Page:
9. Meanwhile, grind the caster sugar in a pestle and mortar (or with a spice grinder) until it has a finer texture – somewhere between caster and icing sugar.
  10. Place it on a plate with the cinnamon and another good grating of nutmeg and stir together.
  11. Quickly, while the cakes are still warm, roll them around in the sugar.
  12. Serve fresh, with a cup of tea, coffee or even mulled wine…

 

Cover Reveal: The Secrets Between Us

It seems like yesterday that I was going through the page proofs for my new novel with a red pen, thinking “well, I’ll have a few months at least to get used to the idea of this being a real book”. But then, a surprise came through from my publisher: it wouldn’t be months to wait at all. In fact, they were going to be publishing the ebook on the very first day of 2018! (Although you’ll have to wait until April 2018 for the paperback, I’m afraid.)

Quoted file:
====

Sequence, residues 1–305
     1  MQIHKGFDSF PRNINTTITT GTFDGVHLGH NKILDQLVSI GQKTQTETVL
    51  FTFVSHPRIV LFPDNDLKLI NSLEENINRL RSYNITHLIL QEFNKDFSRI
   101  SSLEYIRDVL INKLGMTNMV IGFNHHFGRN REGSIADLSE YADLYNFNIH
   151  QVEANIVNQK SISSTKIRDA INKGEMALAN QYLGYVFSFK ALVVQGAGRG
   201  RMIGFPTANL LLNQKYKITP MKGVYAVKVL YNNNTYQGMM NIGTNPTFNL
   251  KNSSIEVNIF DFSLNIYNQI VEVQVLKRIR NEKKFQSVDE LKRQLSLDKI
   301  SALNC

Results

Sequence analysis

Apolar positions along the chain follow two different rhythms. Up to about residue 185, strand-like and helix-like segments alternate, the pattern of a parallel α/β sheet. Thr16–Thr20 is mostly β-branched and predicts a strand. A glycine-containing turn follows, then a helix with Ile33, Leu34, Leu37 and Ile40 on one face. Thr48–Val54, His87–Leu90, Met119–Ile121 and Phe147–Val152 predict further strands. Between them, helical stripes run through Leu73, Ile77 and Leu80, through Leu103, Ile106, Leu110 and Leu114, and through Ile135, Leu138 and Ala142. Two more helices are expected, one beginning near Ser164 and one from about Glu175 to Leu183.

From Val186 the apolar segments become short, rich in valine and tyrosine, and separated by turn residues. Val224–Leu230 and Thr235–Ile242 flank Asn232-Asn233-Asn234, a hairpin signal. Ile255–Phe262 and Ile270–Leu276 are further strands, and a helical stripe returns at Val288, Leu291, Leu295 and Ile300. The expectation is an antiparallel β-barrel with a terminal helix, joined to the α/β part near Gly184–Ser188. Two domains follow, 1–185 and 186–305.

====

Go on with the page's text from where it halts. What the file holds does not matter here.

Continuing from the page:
The team have been working hard over the past few weeks to make sure the book is ready in time, from page proofs to cover copy, to – of course – the cover itself.

So, I’m delighted to be able to share with you all the cover for my third novel, The Secrets Between Us

A gripping mystery with a heart-breaking revelation, The Secrets Between Us is a sublimely satisfying story of lost love, betrayal and the dangers of war.

High in the mountains in the South of France, eighteen-year-old Ceci Corvin is trying hard to carry on as normal. But in 1943, there is no such thing as normal; especially not for a young woman in love with the wrong person.